Pseudocysts of the pancreas are not an uncommon sequela of acute pancreatitis, chronic pancreatitis, and blunt abdominal trauma with resultant traumatic pancreatitis. Pancreatic pseudocysts should be suspected when the serum amylase remains elevated after apparently satisfactory response to treatment of the acute episode. However, the serum amylase may be normal, and quantitative urinary amylases may establish the diagnosis. Blood calcium levels should be followed during severe episodes. A palpable mass can usually be detected in the upper abdomen, most frequently in the mid-epigastrium or the left upper quadrant. These cysts do not have an epithelial lining as do the true pancreatic cysts. They are most commonly found in the body and tail of the pancreas but also may be found in the neck and head of the pancreas. Ultrasonography, computerized tomographic scans, and retrograde cannulation of the pancreatic duct with injection of dye and x-ray opacification (endoscopic retrograde cholangiopancreatography or ERCP) may demonstrate a pseudocyst. Films of the chest and abdomen may demonstrate elevation of the left hemidiaphragm with or without basilar atelectasis or pleural effusion. Treatment of cysts that do not regress spontaneously consists most commonly of internal drainage via the stomach, duodenum, or jejunum. External tube drainage with subsequent fistula may be rarely indicated. Alternatively, some radiologists may drain mature pseudocysts attached to the posterior wall of the stomach using computerized axial tomography. A transgastric needle and then catheter is introduced via a gastrostomy usually created by the percutaneous endoscopic gastrostomy technique (Chapter 18).
The ideal time to drain these pseudocysts internally is 6 to 8 weeks after their appearance, when the cyst is intimately attached to the surrounding structures and the surrounding inflammatory reaction is quiescent. At this time the cyst wall is strong enough for the technical anastomosis. External tube drainage of the cyst may be necessary if the cyst wall is friable or if the patient is septic or has a rapidly expanding pseudocyst. In all cases the interior of the cyst should be thoroughly examined and the cyst wall biopsied. Externally drained cysts usually close spontaneously, but pancreatic fistulas can occur. Cysts may resolve gradually, particularly those associated with stones in the common duct and acute pancreatitis. In general, patency of the ampulla and the proximal pancreatic duct should be established by ERCP prior to any operative procedure.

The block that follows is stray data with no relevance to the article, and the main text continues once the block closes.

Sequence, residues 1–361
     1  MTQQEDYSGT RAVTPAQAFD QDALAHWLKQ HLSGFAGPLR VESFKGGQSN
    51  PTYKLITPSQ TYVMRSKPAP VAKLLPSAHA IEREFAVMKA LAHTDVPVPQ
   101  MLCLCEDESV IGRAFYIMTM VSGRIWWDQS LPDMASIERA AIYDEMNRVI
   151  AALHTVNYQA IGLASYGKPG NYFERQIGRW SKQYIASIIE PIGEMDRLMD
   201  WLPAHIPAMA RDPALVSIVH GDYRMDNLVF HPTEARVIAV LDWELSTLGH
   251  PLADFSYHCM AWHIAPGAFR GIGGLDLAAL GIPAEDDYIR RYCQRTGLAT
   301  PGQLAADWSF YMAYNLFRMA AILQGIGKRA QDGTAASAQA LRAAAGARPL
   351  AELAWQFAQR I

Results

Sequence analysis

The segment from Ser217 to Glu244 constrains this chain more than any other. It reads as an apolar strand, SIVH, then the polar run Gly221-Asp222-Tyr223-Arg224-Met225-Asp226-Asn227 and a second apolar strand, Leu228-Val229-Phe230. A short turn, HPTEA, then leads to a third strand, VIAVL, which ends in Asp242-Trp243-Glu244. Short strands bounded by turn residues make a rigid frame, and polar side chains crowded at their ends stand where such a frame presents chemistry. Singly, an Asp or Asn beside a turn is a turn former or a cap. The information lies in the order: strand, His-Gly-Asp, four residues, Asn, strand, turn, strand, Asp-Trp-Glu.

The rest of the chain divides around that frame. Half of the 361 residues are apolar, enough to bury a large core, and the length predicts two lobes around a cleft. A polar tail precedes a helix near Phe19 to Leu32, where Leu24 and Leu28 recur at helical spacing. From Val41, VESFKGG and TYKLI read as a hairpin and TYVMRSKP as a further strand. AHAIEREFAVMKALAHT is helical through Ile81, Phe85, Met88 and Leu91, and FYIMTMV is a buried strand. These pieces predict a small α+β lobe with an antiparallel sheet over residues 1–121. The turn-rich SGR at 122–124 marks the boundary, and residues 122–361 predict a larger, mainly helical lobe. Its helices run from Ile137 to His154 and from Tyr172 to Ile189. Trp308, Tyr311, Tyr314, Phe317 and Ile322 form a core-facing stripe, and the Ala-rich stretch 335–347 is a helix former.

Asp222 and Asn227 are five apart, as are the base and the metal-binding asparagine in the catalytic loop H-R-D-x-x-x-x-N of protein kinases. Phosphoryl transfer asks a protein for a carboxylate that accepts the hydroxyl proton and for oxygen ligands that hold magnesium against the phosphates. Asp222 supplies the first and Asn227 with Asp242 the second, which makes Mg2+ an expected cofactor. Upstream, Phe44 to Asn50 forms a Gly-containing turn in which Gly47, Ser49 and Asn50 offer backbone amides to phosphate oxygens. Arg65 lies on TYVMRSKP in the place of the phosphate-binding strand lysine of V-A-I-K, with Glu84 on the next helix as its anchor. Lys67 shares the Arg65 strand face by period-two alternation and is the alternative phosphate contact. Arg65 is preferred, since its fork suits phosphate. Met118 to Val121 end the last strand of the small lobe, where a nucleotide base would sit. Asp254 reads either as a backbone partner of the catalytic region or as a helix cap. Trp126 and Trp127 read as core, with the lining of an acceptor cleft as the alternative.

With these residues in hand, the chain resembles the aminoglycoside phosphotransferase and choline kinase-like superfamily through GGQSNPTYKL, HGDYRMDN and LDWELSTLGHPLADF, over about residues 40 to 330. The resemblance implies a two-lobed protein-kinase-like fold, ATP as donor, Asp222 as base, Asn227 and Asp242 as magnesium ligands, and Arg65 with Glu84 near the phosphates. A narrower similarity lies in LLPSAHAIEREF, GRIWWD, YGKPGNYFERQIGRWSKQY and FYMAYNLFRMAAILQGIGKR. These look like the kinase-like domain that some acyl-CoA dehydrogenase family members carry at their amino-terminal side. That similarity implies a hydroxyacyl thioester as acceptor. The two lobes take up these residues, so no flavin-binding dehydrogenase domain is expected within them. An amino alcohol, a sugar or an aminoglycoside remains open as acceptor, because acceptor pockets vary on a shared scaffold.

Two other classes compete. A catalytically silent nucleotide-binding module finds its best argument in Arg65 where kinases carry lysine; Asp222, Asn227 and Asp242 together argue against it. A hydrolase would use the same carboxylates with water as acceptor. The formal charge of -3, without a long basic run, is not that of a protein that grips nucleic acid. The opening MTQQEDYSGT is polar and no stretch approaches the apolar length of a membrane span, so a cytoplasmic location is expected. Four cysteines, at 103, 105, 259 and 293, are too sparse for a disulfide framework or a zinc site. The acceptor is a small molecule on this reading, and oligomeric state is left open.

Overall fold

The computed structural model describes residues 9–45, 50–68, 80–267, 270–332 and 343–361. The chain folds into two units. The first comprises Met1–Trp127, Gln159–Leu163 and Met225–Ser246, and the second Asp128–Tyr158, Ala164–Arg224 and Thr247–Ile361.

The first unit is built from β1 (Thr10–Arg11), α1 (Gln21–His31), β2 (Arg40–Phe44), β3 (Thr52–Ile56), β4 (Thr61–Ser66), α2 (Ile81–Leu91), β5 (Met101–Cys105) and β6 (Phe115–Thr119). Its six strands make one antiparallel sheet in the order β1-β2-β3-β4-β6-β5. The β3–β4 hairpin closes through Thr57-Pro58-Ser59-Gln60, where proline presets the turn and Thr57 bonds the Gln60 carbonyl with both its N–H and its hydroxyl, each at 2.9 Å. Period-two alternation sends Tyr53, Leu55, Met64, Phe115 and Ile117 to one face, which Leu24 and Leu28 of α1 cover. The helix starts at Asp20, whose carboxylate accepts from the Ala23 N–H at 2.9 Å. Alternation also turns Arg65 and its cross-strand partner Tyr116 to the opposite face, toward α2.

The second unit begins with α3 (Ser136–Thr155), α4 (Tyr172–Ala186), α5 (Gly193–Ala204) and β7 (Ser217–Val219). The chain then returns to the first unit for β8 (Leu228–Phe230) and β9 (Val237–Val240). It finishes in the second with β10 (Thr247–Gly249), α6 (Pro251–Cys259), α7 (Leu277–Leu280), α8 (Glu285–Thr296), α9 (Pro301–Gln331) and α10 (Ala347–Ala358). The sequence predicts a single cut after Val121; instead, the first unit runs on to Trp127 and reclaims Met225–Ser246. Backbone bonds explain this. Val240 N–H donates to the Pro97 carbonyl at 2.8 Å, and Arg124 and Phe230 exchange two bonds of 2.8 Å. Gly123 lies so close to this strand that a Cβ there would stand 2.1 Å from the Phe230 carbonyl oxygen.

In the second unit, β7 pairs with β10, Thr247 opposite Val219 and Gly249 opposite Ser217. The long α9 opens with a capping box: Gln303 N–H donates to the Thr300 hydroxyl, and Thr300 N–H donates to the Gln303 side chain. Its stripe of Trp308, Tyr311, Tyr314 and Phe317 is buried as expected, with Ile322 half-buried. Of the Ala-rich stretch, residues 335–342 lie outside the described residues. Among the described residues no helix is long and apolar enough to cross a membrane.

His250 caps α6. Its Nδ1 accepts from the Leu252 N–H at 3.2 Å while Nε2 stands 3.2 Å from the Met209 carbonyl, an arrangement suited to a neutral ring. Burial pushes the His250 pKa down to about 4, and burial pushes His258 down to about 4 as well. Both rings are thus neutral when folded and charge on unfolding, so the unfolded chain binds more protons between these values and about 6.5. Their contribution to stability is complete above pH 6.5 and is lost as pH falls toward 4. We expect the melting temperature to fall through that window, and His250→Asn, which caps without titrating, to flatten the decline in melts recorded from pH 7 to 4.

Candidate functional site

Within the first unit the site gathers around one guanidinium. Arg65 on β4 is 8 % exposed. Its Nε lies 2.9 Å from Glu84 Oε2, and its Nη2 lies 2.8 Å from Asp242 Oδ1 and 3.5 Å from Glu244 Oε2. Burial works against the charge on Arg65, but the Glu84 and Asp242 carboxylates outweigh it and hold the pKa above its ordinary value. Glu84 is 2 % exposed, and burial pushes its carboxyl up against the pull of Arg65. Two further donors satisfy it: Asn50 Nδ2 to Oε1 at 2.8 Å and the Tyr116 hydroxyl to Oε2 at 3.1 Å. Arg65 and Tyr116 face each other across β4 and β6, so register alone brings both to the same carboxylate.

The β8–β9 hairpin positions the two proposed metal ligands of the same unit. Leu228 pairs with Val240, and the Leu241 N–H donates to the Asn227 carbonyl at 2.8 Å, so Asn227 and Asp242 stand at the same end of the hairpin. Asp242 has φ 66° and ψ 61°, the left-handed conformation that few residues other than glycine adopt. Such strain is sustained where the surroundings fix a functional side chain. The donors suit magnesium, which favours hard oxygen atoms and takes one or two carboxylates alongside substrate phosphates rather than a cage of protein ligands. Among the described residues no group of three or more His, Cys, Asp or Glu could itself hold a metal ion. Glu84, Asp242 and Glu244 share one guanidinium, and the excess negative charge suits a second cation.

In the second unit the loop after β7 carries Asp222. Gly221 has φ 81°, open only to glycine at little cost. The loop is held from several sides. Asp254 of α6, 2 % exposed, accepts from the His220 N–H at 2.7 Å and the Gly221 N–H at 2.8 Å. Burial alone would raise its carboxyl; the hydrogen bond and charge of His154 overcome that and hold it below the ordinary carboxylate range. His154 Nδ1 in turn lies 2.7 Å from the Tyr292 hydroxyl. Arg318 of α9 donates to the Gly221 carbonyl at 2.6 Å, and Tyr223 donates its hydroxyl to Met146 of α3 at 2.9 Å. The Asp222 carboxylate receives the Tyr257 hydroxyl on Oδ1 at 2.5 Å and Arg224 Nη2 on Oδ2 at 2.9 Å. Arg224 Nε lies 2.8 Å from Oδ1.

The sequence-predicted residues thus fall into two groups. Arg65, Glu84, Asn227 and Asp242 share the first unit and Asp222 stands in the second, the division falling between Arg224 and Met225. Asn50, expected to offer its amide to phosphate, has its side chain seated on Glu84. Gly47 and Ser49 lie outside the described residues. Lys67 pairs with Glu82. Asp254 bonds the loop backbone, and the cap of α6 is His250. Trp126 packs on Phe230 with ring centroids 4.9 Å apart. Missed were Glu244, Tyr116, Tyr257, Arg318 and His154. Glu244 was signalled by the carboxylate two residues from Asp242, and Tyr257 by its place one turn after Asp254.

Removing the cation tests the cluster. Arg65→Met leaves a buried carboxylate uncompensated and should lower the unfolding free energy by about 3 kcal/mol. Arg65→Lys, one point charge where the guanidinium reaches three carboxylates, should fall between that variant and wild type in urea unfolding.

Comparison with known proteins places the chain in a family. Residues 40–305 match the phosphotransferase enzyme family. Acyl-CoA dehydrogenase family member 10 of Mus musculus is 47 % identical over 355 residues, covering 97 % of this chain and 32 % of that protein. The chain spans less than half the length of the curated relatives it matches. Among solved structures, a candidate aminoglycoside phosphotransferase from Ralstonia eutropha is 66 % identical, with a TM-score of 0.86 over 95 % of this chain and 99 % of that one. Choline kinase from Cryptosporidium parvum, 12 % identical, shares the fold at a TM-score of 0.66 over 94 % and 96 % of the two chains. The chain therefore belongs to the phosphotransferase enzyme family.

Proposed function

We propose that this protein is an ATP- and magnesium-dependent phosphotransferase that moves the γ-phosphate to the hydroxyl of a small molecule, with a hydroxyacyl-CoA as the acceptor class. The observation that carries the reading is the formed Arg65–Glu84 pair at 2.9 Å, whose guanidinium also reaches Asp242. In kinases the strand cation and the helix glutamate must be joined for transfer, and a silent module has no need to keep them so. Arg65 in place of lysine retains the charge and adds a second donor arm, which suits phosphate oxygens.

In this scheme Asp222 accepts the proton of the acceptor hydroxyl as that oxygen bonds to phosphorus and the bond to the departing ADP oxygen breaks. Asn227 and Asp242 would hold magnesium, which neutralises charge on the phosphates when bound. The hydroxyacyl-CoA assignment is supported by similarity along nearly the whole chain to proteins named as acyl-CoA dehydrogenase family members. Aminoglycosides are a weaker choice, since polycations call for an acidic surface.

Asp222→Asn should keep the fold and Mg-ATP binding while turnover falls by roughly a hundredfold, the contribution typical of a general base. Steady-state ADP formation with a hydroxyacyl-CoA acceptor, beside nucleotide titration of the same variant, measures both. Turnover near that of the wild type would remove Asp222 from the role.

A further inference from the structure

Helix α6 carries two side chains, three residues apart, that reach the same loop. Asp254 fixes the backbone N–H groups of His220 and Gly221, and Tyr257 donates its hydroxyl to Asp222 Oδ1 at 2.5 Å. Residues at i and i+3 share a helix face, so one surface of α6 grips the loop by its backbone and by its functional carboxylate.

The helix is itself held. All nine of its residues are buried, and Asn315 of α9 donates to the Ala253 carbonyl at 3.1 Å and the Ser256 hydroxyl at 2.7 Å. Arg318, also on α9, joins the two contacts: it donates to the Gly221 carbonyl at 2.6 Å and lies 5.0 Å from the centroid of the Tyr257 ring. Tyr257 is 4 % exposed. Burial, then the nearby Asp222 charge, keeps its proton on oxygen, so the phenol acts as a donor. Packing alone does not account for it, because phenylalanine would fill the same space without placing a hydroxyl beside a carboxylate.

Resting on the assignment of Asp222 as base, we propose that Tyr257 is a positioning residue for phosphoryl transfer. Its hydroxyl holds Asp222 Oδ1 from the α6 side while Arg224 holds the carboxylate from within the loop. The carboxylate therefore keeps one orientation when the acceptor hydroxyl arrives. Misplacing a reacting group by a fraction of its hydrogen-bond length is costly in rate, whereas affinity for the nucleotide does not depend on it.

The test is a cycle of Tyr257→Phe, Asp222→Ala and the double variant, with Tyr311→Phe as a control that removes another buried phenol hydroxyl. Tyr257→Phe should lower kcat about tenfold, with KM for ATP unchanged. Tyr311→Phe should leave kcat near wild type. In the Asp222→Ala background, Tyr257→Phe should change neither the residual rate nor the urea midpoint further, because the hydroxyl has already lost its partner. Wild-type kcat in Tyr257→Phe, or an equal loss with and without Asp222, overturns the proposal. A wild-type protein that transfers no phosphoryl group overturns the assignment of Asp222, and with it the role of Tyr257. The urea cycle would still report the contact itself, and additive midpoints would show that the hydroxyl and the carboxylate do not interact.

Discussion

It is most important that these patients be in satisfactory metabolic condition before surgery. Accordingly, deficiencies in electrolytes, red cell mass, serum protein, or prothrombin levels are corrected preoperatively, and total parenteral nutrition should be considered. A clear liquid diet is given on the day before surgery, and the colon is emptied by the use of oral cathartics.
General anesthesia with intratracheal intubation is satisfactory.
The patient is placed in a comfortable supine position ...